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Obama, lawmakers mark end of mournful week

December 21, 2012|By Christi Parsons
  • President Obama pauses during a meeting with Director of Communications Dan Pfeiffer, senior advisor Valerie Jarrett, Chief of Staff Jack Lew and Pete Rouse, counselor to the president, to observe a moment of silence in the Oval Office.
President Obama pauses during a meeting with Director of Communications… (Pete Souza / White House…)

WASHINGTON -- Washington officials marked the close of a somber week on Friday by observing a moment of silence for the victims of the Newtown, Conn., shooting and attending the funeral of Sen. Daniel Inouye.

At 9:30 a.m., roughly the time of the slayings one week ago, offices in the White House and on Capitol Hill fell silent except for the sound of a bell tolling on television monitors.

President Obama observed the moment quietly in the Oval Office, aides said.

Soon after, he climbed into the presidential limousine for a solitary ride to the National Cathedral to mark the death of the 88-year-old Inouye, a Democrat who represented Obama’s childhood home of Hawaii for 50 years.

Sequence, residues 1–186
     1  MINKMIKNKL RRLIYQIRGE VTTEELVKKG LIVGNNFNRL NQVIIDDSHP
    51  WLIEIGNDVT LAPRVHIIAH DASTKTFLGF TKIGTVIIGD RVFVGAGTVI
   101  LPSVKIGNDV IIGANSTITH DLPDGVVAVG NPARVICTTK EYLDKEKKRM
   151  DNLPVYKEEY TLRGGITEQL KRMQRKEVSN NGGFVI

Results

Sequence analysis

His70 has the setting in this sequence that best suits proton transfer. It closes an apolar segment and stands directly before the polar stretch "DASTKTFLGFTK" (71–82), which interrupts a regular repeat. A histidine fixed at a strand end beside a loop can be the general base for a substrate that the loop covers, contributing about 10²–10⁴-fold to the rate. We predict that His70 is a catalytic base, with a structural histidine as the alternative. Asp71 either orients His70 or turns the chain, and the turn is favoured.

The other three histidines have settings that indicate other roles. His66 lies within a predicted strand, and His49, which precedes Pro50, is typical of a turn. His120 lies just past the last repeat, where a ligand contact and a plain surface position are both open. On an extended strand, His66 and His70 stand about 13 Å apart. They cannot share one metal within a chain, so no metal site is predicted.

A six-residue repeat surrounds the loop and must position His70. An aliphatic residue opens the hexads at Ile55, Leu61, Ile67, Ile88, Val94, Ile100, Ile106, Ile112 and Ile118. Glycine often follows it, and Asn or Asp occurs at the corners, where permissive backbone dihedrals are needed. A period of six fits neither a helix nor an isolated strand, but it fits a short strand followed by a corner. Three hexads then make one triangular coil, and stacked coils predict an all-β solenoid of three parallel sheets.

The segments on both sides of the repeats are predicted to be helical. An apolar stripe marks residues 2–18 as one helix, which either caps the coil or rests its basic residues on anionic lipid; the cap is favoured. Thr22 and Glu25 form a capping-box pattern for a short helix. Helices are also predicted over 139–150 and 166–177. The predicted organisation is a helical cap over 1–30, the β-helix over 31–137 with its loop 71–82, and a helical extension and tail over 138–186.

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Speakers at the funeral recalled Inouye's bawdy jokes and praised his service in the military and the Senate.

Senate Democratic leader Harry Reid of Nevada alluded to the pall over the Capitol this week as the nation mourned the 26 victims at Sandy Hook Elementary School and lawmakers learned of the death of their colleague.

Some lives end far too soon, Reid said. Others, like Inouye's, leave friends and family who can celebrate a long life well-lived.

"Whenever we needed a noble man to lean on," he said, "we always turned to Sen. Daniel Inouye."

Obama said in his eulogy that if not for Inouye’s early example, he might not have run for public office.

The president told of watching the Watergate hearings with his mother as a child and of being fascinated by "this man of Japanese descent ... full of dignity and grace."

As a young boy with a white mother and black father, beginning to realize how difficult it could be to fit in the world, Obama said, he took special note of Inouye.

Inouye clearly wasn't what "central casting" would have sent over to play the role of U.S. senator, he said. Yet he "commanded the respect of an entire nation," suggesting to Obama "what might be possible."

He "embodied the very best of 'aloha,'" Obama said, using the Hawaiian word that serves as a greeting, a goodbye and a blessing.

According to several speakers, it was the last word Inouye spoke before he died.

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